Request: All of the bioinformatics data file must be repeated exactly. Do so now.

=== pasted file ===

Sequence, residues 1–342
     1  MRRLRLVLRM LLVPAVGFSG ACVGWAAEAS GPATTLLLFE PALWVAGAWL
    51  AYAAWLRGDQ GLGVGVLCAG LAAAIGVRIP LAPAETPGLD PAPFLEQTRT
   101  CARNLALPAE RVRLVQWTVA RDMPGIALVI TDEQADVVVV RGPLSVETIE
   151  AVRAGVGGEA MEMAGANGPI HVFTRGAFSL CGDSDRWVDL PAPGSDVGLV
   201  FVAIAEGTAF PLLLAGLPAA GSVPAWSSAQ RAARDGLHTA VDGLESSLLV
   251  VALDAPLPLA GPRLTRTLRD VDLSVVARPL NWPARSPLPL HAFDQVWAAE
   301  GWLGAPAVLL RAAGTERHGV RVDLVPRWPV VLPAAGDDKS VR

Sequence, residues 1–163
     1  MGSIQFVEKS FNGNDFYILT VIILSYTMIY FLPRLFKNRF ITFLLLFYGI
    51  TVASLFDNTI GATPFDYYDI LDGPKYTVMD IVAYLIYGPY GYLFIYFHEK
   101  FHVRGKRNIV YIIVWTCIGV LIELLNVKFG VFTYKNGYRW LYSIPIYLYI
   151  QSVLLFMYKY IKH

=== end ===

Sequence, residues 1–342
     1  MRRLRLVLRM LLVPAVGFSG ACVGWAAEAS GPATTLLLFE PALWVAGAWL
    51  AYAAWLRGDQ GLGVGVLCAG LAAAIGVRIP LAPAETPGLD PAPFLEQTRT
   101  CARNLALPAE RVRLVQWTVA RDMPGIALVI TDEQADVVVV RGPLSVETIE
   151  AVRAGVGGEA MEMAGANGPI HVFTRGAFSL CGDSDRWVDL PAPGSDVGLV
   201  FVAIAEGTAF PLLLAGLPAA GSVPAWSSAQ RAARDGLHTA VDGLESSLLV
   251  VALDAPLPLA GPRLTRTLRD VDLSVVARPL NWPARSPLPL HAFDQVWAAE
   301  GWLGAPAVLL RAAGTERHGV RVDLVPRWPV VLPAAGDDKS VR

Sequence, residues 1–163
     1  MGSIQFVEKS FNGNDFYILT VIILSYTMIY FLPRLFKNRF ITFLLLFYGI
    51  TVASLFDNTI GATPFDYYDI LDGPKYTVMD IVAYLIYGPY GYLFIYFHEK
   101  FHVRGKRNIV YIIVWTCIGV LIELLNVKFG VFTYKNGYRW LYSIPIYLYI
   151  QSVLLFMYKY IKH